One day 370 million years ago, a tiny larva came to a sticky end when it plunged into a shrimp-infested swamp and drowned.
Unearthed in modern-day Belgium, the humble bug now looks set to plug a giant gap in the fossil record.
Named Strudiella devonica, the eight-millimetre invertebrate -- while in far from mint condition -- is thought by researchers who published their findings in Nature on Wednesday to be the world's oldest complete insect fossil.
"It has everything an insect should have: the legs, the antennae, the thorax and the abdomen," said Andre Nel of France's National History Museum, one of the authors of the study.
Scientists until now had few if any confirmed insect fossils from between 385 and 325 million years ago, a period known as the Hexapoda Gap, William A. Shear of Hampden-Sydney College wrote in a comment that accompanied the study.
Strudiella devonica could significantly narrow that gap in the fossil record.
Based on molecular DNA studies, Nel says scientists had long expected to find insect life dating that far back, but the fossil find yields insight into the evolutionary roots of the insect kingdom.
"Insects are an extremely ancient group, but we know very little about the earliest among them," he explained to AFP. "This find enables us to confirm our molecular dating, it's a palaeontological marker."
Nel said science "had a grand total of two fossilised mandibles from Scotland to account for the whole Devonian" -- the geological period running from around 415 million to 360 million years ago.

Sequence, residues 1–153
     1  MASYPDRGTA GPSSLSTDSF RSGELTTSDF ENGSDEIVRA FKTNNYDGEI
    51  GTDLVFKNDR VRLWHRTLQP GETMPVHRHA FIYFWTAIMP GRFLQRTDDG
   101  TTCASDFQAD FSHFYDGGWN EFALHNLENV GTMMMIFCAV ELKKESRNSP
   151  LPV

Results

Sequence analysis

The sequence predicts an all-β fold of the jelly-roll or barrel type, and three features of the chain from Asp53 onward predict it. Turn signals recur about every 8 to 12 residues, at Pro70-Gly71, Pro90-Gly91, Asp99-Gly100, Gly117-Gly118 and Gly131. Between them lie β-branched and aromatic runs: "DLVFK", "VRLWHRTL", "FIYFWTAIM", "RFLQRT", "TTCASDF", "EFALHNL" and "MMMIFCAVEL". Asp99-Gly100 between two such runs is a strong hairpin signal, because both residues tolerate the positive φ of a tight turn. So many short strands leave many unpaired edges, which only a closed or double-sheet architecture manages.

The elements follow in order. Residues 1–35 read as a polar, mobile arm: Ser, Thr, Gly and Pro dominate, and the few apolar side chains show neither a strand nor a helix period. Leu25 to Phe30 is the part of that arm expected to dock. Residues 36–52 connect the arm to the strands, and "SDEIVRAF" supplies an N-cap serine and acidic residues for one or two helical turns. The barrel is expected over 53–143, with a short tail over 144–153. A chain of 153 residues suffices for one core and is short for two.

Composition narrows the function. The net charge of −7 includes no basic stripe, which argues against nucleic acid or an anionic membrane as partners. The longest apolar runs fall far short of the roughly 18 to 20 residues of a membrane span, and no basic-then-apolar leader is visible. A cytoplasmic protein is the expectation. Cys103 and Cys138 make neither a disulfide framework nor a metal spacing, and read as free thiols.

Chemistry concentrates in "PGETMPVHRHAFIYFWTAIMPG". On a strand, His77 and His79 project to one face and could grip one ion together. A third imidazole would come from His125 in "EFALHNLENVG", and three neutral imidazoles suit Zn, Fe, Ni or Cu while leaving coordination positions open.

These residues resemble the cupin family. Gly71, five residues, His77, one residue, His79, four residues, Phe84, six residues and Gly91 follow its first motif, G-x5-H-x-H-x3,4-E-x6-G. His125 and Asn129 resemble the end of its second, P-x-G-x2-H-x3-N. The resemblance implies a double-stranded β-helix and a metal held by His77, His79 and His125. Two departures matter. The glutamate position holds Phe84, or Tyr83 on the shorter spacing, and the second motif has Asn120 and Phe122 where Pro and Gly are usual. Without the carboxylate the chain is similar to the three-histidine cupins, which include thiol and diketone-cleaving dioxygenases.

From these isolated fossil fragments, some 400 million years old, fast-forward to a period known as the Carboniferous, 300 to 330 million years ago, and the fossil record teems with insects.
"In between this profusion of creatures of all kinds -- cockroaches, dragonflies, grasshoppers -- and the earliest specimens, we have nothing," Nel explained.
"Yet it was precisely at this time that these animals started to diversify, even started to appear since their ancestors were aquatic insects," he said.
With its six-legged thorax, long single-branched antennae, triangular jaws and 10-segmented abdomen, tiny Strudiella devonica is a strong contender for an insect ID card, Shear argues.
But he also urges a degree of caution, stressing the study is based on interpretation of a single fossil in relatively poor condition.
"What would make it more certain? A better preserved specimen, especially one that showed more clearly the appendages and mouthparts," he told AFP.
While the specimen itself does not have wings, the researchers believe that based on the shape of its mandibles -- similar to those of a modern-day grasshopper -- it is probably the larva of a winged animal.
If correct, that would also mean that winged insects originated much earlier than available fossils have suggested, Shear said.
The fossil was found in a rock slab in a quarry in Belgium, in a strata of very fine, slightly sandy clay -- "probably a land animal that landed in a pond teeming with carnivorous shrimps, and that miraculously escaped being devoured by them," Nel said.
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